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I have a WPF application that will allow messages to be posted via a Twitter Application I have created.

From what I understand the Consumer Key and Consumer Secret are used in conjunction with the generated PIN to create the Access Key and Access Secret.

Now I would like the Consumer Key and Consumer Secret to be stored within my application as when it comes to distribution the user simply needs to authorise the Twitter Application and then messages can be posted.

I'm currently storing the consumer key/secret and the access key/secret within the Settings.settings file against my WPF application for easy of access programmatically, however I recognise that this may not be a secure way as the settings are easily read as XML.

This leads me to my questions:

1) Am I right in storing the Consumer Key/Secret to ensure that the user authorises my Twitter application?

2) If I store the Access Key/Secret within the Settings.settings file are these enough to verify that the user has access to my Twitter Application?

3) Twitter notes that the Consumer Key/Secret should not be readable by other users, what would be the best method of doing so?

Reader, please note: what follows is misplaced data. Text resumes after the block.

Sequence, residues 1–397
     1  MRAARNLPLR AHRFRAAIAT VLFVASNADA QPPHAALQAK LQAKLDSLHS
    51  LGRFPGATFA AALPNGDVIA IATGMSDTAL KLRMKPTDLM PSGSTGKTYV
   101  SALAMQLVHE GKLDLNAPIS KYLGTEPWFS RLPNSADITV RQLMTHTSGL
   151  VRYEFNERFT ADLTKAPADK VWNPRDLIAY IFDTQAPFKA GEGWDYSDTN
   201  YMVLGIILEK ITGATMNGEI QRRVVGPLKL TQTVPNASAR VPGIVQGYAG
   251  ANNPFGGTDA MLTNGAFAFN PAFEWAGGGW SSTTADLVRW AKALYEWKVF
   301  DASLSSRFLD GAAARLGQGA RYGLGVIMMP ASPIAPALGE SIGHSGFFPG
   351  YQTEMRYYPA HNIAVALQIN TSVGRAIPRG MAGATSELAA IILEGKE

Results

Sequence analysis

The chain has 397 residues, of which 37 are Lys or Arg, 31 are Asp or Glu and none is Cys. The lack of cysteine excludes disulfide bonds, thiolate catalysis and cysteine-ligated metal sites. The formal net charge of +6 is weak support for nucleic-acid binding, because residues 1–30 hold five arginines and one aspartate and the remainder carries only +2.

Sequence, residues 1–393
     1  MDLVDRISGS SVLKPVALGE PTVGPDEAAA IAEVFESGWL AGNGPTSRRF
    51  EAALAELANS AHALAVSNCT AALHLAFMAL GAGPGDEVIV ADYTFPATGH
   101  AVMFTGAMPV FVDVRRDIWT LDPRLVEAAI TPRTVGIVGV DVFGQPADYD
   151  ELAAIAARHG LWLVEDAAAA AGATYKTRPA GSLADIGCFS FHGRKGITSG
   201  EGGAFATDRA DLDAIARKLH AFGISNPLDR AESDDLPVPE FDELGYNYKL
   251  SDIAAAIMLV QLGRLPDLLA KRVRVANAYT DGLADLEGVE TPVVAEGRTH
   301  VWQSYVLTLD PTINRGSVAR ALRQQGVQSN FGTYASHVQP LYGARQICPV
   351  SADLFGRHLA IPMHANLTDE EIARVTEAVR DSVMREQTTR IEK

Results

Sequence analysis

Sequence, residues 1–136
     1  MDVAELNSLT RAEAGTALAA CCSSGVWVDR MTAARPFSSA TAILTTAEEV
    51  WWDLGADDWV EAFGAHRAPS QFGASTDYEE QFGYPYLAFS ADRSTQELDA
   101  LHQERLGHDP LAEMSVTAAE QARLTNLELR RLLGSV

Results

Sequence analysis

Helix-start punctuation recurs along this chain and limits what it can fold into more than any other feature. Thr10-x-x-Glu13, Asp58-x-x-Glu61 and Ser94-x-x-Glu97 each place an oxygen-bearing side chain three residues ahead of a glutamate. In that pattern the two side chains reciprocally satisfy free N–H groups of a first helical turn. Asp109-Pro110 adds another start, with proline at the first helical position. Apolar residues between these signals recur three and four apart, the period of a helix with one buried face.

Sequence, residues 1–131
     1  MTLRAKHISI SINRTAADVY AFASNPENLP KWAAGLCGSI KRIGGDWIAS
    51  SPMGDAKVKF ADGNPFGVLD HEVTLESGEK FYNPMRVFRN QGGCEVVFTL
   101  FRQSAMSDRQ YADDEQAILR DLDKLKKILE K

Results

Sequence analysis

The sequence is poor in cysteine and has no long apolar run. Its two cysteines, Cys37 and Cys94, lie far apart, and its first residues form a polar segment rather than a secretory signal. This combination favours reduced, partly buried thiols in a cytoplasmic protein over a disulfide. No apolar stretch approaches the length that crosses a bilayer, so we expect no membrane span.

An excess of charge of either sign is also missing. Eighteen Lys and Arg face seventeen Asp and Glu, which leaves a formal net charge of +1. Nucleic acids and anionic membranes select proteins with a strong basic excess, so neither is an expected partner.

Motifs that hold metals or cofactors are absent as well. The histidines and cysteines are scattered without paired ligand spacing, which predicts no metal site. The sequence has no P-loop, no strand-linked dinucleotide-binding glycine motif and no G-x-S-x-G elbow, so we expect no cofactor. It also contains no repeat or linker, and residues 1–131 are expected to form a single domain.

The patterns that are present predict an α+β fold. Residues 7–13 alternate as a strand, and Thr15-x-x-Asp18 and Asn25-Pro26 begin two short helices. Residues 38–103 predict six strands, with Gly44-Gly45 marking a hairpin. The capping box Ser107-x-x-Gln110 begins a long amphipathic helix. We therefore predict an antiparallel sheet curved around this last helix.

4) How should I handle when the user closes/opens my WPF application in terms of authorisation, can I re-use the stored Access Key/Secret details?

Apologies if my questions conflict/makes no sense - I'm quite new to OAuth.

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This sounds no different from securely storing passwords in other applications. I'm sure there are plenty of other questions / articles on that subject. If security is a concern then you'll need to encrypt the information, preferably using user-provided input as an encryption key rather than hard-coded values; though for a Twitter app that might be overkill. –  RogerN Jan 28 '13 at 21:50
    
@RogerN - My concern was whether my approach would/should be different based on the following statement: "I'm currently storing the consumer key/secret and the access key/secret within the Settings.settings file against my WPF application for easy of access programmatically, however I recognise that this may not be a secure way as the settings are easily read as XML." –  Jamie Keeling Jan 29 '13 at 9:08

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